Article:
Why Hedge Funds Did Poorly in 2011

Drew W. Demakis

Much has been said about the poor performance of hedge funds in 2011. Here’s why we don’t believe this undermines the case for hedge funds.

The HFRI Fund of Funds Composite Index, the most commonly used broad measure for funds of funds and a good gauge of the overall industry, ended 2011 with a 5.6% loss, underperforming the S&P 500 Index’s 2.1% gain. The last time the composite underperformed the stock market was 1998—the year that the largest existing hedge fund, Long-Term Capital Management, failed. Hedge funds also lagged the market in 1994 , as the display shows. 2011: A Rare Down Year for Hedge Funds vs. Equities

We don’t believe that lagging equities in three of the last 22 years undermines the case for hedge funds, because we think the factors that made 2011 so challenging are largely temporary. In many cases, the valuations of hedge-fund assets became dislocated from fundamentals that are stable to improving. As we see it, the recent declines created some compelling opportunities.

The victory for the S&P 500 in 2011 was driven by an unusually narrow group of stocks—those with high dividend yields and low beta, which few hedge funds found attractive.

Hedge funds, meanwhile, were whipsawed by the market’s rapid swings in response to changing news flow about how policymakers around the world were going to address deficits and liquidity pressures. These mood swings hurt many hedge funds that use downside-limiting measures such as stop-loss arrangements. While stop-losses have been an effective source of downside protection over time, they can hurt returns in a period of rapid market rebounds.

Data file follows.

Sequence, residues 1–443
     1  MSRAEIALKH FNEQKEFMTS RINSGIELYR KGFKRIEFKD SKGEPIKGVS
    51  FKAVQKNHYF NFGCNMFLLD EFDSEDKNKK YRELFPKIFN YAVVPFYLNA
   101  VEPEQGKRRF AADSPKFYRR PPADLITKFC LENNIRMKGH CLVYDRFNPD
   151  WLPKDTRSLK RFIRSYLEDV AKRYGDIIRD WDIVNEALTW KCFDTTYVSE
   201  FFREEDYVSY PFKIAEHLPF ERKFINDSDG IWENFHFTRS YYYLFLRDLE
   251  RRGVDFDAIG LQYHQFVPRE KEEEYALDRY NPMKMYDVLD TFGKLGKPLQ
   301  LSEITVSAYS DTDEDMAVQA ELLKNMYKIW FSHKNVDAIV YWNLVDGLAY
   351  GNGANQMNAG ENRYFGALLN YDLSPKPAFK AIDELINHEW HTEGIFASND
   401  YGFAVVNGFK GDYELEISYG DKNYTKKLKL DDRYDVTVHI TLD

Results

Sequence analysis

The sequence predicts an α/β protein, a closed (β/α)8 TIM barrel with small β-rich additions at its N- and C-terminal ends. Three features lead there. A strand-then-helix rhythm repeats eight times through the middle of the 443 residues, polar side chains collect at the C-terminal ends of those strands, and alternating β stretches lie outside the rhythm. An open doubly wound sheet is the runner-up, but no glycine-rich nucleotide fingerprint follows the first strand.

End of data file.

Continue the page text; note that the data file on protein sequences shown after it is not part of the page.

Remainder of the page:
The end of the year was also particularly difficult for those hedge funds that hold less liquid, more complex securities, including event-driven and distressed credit managers. Trading in these securities slowed, bid-ask spreads widened and prices declined substantially.

The proposed Volcker Rule appears to have had a pernicious impact on the market for these securities by restricting dealers’ ability to take temporary positions in credit securities in order to facilitate trades.

But market conditions have improved in the first couple of months of 2012, which is not to say there won’t be further upheavals ahead. More important, the underlying cash flows and fundamentals of US distressed asset-backed securities have not deteriorated. As investors refocus on these fundamentals, fear will abate, helping many hedge funds to regain lost ground.

The views expressed herein do not constitute research, investment advice or trade recommendations and do not necessarily represent the views of all AllianceBernstein portfolio- management teams.

Drew W. Demakis is Chief Operating Officer and Chief Risk Officer for Alternative Investments at AllianceBernstein.

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